Note: United Nations officials recently said that the US government's treatment of activists was increasingly "incompatible with US obligations under international human rights law". For more along these lines, see concise summaries of deeply revealing news articles on judicial system corruption and the erosion of civil liberties.


President Trump is giving police forces weapons of war. This is dangerous
2017-08-31, The Guardian (One of the UK's leading newspapers)
https://www.theguardian.com/commentisfree/2017/aug/31/president-trump-giving-...

This week, Donald Trump lifted the ban on certain military-grade weapons and equipment available from the Pentagon to our local police forces across the nation. Before Barack Obama signed an executive order in 2015 limiting the transfer of certain types of military equipment under the Pentagon’s 1033 Program, the Department of Defense transferred more than $5bn in surplus military equipment directly to police agencies. The Pentagon program creates a pipeline that bypasses normal ... procurement processes, enabling police departments to acquire expensive-to-maintain and often unneeded military equipment directly from the Pentagon without the approval or even knowledge of [elected] government officials. Citizens are left to pay the price when these military “toys” are put into the anxious hands of often untrained local law enforcement. Handing our police weapons of war, including but not limited to large-capacity, rapid-fire weapons and ammunition – including .50-calibers – bayonets, grenade launchers, armored vehicles including military tanks, unmanned vehicles (armed drones), explosives and pyrotechnics, and similar explosive devices, makes us less safe. It also drives a wedge between police officers and ... communities. Our nation was built on the principle that there are clear lines between our armed forces and domestic police. Moreover ... law enforcement is subject to civilian authority. This program blurs those lines. Militarizing America’s main streets won’t make us any safer, just more fearful.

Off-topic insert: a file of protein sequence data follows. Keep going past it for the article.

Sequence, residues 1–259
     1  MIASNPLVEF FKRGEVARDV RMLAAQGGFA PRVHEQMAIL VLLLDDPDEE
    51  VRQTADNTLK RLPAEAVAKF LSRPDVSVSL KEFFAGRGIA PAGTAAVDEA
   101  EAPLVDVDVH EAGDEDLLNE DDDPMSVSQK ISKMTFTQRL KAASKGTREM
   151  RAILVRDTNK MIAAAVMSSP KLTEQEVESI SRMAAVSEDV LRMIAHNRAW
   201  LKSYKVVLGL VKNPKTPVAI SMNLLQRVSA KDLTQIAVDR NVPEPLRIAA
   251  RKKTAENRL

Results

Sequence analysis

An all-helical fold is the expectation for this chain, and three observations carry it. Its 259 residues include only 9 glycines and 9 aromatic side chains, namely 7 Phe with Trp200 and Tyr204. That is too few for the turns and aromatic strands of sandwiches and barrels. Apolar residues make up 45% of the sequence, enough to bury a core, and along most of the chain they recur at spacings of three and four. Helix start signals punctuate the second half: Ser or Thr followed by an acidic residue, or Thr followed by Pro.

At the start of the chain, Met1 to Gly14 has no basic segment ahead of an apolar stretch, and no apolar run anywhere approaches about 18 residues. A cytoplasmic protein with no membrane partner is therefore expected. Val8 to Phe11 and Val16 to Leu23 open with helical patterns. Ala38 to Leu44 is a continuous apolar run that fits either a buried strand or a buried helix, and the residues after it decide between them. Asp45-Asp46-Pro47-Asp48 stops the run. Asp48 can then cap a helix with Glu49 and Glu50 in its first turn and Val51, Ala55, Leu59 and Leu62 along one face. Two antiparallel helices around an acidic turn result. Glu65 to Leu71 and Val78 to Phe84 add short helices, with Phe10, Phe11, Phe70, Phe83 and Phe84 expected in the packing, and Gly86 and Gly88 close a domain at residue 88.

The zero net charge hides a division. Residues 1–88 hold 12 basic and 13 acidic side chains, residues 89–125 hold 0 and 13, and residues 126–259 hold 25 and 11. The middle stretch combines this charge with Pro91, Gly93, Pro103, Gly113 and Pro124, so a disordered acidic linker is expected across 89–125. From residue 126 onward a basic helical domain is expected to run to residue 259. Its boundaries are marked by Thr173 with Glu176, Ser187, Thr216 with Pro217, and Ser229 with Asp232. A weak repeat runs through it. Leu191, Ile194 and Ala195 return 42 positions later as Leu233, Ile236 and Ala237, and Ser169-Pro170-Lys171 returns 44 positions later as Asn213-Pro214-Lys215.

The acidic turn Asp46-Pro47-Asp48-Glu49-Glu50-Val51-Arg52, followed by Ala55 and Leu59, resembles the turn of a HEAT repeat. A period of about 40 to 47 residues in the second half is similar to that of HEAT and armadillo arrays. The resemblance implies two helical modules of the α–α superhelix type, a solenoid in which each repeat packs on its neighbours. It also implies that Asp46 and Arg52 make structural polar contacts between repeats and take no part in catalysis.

Note: The above was written by US Congressman Hank Johnson, author of the Stop Militarizing Law Enforcement Act of 2017. The Pentagon's 1033 program now being revived led to what the ACLU called an "excessive militarization of American policing". For more along these lines, see concise summaries of deeply revealing news articles on police corruption and the erosion of civil liberties.


Trump rolling back limits on military gear for police
2017-08-28, Miami Herald/Associated Press
http://www.miamiherald.com/news/nation-world/article169730727.html

Local police departments will soon have access to grenade launchers, high-caliber weapons and other surplus U.S. military gear after President Donald Trump signed an order Monday reviving a Pentagon program that civil rights groups say inflames tensions between officers and their communities. President Barack Obama had sharply curtailed the program in 2015. Sen. Rand Paul of Kentucky called the plan a dangerous expansion of government power that would "subsidize militarization." Rep. Mark Sanford of South Carolina said the program "incentivizes the militarization of local police departments, as they are encouraged to grab more equipment than they need." Congress authorized the program in 1990, allowing police to receive surplus equipment to help fight drugs, which then gave way to the fight against terrorism. Agencies requested and received everything from camouflage uniforms and bullet-proof vests to firearms, bayonets and drones. More than $5 billion in surplus equipment has been given to agencies. The new order largely lets local agencies set their own controls and rules governing use of the equipment. The plan to restore access to military equipment comes after [Attorney General Jeff] Sessions has said he intends to pull back on court-enforceable plans to resolve allegations of pervasive civil rights violations. Sessions ... has also revived a widely criticized form of asset forfeiture that lets local police seize cash and property with federal help.

Note: The Pentagon's 1033 program now being revived led to what the ACLU called an "excessive militarization of American policing". The civil asset forfeiture program now being revived was widely criticized because it made it easy for corrupt police to steal money and property from poor people and seize private assets based on departmental "wish lists".